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WebinArt Emerge Member Focus - July 2020

In the second of our Emerge member focus blog posts for the 2020/21 WebinArt programme, we are proud to introduce three up-and-coming creatives - Cheryl Hewitt, Steve Sadler and Angie Roberts.

WebinArt is Creative Leicestershire's year-long professional development programme for creative businesses. Our Emerge members are early in their career and benefit from one-to-one tailored business mentoring sessions alongside a whole host of live online events and resources.

Click here to find out more about the WebinArt Programme. WebinArt 2020/21 is generously + kindly subsidised by our funding partners - Leicestershire County Council, Arts Council England, Derbyshire County Council, Hinckley + Bosworth Borough Council, North West Leicestershire District Council, Blaby District Council + Rutland County Council. 


cheryl Hewitt

Tell us a little about your creative business and how you got into it.

Hmmm. I find talking about myself as an artist exceedingly difficult being naturally introverted and it is taking some practice! But here goes...

I work predominantly with reclaimed and recycled textiles but would describe myself as a mixed media artist because I use other materials such as enamel, wire, and broken ceramic.

I also like the idea of mixed media artist as an umbrella title as it gives my emerging making practice the room to evolve. I make a range of things from small reclaimed textile collages and wearables to art dolls and mixed media forms. I have even been found in the print workshop making linocuts, monoprints and collagraph’s, but these tend to be part of my thinking process, rather than final outcomes! I have recently graduated from Hereford College of Arts with a master’s degree in Contemporary Craft.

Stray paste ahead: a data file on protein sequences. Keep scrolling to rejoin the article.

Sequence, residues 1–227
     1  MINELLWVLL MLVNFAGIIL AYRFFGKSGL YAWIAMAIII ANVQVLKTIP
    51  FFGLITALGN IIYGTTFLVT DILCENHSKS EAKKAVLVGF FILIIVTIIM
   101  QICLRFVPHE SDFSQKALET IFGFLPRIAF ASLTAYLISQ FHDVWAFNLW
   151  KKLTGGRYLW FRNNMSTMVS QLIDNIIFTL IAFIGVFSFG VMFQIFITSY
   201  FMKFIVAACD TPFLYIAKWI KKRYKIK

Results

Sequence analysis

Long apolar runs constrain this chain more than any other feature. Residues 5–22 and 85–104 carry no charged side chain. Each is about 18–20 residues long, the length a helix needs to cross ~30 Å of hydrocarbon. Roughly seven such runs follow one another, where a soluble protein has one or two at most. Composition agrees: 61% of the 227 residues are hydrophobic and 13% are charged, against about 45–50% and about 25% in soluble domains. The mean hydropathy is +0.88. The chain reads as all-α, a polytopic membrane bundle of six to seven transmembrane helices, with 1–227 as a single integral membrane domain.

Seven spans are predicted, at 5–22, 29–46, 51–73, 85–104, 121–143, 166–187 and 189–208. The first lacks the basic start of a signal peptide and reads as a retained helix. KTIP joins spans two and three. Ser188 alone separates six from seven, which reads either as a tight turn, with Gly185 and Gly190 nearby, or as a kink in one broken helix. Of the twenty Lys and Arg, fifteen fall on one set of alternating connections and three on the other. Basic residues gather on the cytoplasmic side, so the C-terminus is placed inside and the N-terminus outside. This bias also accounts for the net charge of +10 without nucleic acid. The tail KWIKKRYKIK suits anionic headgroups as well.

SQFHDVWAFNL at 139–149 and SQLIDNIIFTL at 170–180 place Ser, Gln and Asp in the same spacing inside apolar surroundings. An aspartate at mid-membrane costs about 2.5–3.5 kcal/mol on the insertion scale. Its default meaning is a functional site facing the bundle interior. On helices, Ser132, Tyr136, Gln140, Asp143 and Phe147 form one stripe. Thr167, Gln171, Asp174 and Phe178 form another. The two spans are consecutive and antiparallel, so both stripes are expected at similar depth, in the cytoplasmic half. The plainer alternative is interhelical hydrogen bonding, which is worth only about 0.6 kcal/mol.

Rural Herefordshire is very much my world having lived there most of my life. Before becoming a maker, I was a stay at home mum with 3 children, this not only changed my home world it changed my working world, with a loss of income. This rebooted my love of creativity and spurred on my resourceful nature to make things for friends and family. It was a friend who encouraged me to pick up my tools and go back to college to broaden my skillset, and love of art! So as a mature student I spent 6 years studying at Hereford, from foundation to masters, I loved every minute. It was here where I honed my concepts and discourses within my work and really found out what made me tick as a maker. These ideas still have the potential to evolve and inform my making practice, which responds to my love of collecting and the evocative nature of objects. By that I mean the things that help us think, our memories and identity. My work often explores themes of trace, childhood memory and environment. More recently it has communicated ideas of loss, absence, and the process of repair.